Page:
Child support responsibilities in Arizona

In Arizona, child support guidelines are imposed by Arizona's statutory law. Under the obligation, a custodial parent of a child may be entitled to specific payments from the noncustodial parent. These payments are intended to assist with child-rearing responsibilities.

The idea is that a specific amount of each parent's income should be put toward supporting the child. The amounts allocated for the child support obligation are set out in the Schedule of Basic Support Obligations. In general, the amounts are assigned based on the monthly adjusted gross income of the child's parents. However, health care costs and childcare costs are also factored into the equation.

Based on each parent's adjusted gross income, a portion of the total support requirement is allocated to the parents. Assuming there are natural expenses that evolve from being the custodial parent, typically, the noncustodial parent pays his or her required share to the custodial parent. However, if custody is equally shared between both parents (and they have the same adjusted gross income), neither party would need to pay additional child support. Raising the child for a significant portion of the time would account for such expenses.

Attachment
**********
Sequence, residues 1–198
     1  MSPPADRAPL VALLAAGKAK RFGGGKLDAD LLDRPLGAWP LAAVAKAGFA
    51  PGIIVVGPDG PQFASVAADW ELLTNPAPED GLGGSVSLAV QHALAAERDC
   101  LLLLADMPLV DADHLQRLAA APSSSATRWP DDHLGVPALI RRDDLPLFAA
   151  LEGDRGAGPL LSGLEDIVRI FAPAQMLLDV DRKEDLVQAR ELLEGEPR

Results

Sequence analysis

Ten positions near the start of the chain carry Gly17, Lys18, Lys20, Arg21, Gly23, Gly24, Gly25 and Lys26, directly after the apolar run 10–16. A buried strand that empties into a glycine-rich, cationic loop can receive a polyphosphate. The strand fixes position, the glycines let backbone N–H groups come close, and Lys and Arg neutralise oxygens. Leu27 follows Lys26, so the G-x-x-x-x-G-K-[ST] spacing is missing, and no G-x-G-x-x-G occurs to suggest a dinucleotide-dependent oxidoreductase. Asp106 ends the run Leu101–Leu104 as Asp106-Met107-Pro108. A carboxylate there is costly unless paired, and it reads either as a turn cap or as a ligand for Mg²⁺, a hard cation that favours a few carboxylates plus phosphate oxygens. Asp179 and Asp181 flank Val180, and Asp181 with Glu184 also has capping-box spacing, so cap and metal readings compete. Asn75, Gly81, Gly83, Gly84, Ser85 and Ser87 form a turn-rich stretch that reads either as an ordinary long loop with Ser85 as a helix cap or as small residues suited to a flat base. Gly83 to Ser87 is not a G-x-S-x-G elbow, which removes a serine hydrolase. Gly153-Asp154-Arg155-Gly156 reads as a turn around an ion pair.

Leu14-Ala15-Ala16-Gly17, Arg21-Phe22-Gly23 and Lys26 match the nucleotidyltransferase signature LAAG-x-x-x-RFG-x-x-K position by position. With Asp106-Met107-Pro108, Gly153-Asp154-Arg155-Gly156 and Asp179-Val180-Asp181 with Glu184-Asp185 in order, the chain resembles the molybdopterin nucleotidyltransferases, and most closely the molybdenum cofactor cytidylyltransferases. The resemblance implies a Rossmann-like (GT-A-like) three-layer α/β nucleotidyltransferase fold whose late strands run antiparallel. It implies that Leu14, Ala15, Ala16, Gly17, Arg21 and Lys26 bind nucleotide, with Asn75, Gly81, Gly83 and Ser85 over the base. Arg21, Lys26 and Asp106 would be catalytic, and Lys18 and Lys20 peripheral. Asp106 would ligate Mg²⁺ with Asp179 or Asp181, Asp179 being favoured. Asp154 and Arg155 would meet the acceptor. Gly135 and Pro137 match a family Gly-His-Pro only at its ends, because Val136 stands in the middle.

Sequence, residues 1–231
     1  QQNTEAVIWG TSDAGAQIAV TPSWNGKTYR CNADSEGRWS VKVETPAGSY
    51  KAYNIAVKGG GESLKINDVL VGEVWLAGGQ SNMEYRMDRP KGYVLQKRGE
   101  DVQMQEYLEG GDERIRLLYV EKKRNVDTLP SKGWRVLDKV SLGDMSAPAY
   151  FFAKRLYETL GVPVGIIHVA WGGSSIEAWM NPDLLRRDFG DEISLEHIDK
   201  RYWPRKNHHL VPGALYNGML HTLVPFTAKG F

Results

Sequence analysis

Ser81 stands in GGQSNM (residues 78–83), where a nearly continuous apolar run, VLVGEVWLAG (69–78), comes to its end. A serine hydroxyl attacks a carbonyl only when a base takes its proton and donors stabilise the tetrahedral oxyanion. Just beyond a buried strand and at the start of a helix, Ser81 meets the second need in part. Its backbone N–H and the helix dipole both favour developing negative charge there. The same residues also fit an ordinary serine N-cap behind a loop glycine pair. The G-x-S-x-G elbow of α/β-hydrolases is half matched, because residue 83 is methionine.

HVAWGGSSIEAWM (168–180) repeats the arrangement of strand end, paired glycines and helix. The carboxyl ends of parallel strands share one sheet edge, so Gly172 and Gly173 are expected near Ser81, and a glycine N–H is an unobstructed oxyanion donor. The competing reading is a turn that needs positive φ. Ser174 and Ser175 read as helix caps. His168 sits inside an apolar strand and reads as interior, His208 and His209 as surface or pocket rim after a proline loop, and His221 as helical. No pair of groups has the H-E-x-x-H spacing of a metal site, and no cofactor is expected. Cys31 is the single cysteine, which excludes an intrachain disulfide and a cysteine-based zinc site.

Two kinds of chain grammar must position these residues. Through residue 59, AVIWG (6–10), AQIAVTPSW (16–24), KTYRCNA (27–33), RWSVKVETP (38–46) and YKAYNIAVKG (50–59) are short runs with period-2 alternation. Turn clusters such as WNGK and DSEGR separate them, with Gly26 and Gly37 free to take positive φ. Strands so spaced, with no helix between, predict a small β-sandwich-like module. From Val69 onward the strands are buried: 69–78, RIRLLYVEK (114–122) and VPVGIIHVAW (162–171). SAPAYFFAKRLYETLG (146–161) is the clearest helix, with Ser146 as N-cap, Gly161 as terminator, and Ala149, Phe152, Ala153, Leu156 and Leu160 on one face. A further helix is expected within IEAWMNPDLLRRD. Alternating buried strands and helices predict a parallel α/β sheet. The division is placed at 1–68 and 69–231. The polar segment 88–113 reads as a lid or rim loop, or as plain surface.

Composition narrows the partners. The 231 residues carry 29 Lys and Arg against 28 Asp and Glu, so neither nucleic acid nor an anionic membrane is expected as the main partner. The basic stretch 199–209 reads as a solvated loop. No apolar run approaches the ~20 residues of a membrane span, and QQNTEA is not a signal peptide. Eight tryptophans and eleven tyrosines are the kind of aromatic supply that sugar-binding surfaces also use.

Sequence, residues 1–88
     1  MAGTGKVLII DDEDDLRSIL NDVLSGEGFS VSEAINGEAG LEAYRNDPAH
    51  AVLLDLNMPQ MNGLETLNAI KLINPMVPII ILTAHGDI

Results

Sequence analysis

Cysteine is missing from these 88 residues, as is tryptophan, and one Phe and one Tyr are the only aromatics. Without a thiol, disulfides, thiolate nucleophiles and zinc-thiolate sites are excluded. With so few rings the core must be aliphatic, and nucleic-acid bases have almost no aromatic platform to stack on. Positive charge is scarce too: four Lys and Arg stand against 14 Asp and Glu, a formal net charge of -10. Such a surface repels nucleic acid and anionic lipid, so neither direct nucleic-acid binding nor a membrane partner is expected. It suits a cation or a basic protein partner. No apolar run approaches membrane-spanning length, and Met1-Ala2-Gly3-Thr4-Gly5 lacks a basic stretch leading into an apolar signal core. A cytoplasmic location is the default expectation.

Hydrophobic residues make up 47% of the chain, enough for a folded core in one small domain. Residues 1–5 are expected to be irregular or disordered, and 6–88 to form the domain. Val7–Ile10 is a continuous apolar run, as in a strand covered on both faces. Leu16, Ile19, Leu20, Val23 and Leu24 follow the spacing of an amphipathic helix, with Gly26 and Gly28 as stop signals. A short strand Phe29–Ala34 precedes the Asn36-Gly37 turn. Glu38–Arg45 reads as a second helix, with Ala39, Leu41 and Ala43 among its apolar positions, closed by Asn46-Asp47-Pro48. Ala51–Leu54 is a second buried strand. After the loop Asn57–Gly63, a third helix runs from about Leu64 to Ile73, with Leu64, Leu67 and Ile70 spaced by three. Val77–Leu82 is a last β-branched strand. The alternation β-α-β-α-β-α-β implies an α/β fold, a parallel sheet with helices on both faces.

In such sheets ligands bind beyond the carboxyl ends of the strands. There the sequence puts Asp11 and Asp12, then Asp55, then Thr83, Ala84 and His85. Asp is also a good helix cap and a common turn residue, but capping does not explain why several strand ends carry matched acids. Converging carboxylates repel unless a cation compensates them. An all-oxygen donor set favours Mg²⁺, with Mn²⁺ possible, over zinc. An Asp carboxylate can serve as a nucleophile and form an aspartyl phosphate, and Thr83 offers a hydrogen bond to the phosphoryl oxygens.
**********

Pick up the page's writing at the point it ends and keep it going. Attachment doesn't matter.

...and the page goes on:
However, the goal of the support program is to meet the child's personal and independent needs. This means there are no hard and fast rules. For this reason, the court may depart from traditional guidelines if specific factors are satisfied. Specifically, the court may make adjustments if it finds the following to be true:

  • The guidelines, in practice, are insufficient or unjust in the particular circumstances.
  • The departure does not go against the best interests of the child.

The court may also make a departure from traditional guidelines if the parties are in agreement with a specific deviation.

Altering the child support obligation

Parties are entitled to receive tax return documents from each other every two years, until the payment duty is complete. Changes in a party's adjusted gross income could trigger a need for an adjustment in one's child support obligation.

Arizona law allows modifications in child support if upon review of the state's guidelines, a change of at least 15 percent in the amount owed would occur after recalculation of the required payment. A modification can be made when there is either a significant increase or decrease in a parent's income.

Moreover, it important to note that if the noncustodial begins to spend a lot more time with the child, he or she could also pursue a change in the monthly payment obligation.

Ultimately, the obligation to contribute to a child's needs is very important in Arizona. If you are the parent of a child in the state, you may have specific financial responsibilities to your loved one. On the other hand, you could be entitled to assistance from the child's other parent. If you would like to learn more about your rights or obligations in your particular child custody case, take the time to speak with a qualified family law attorney in your area.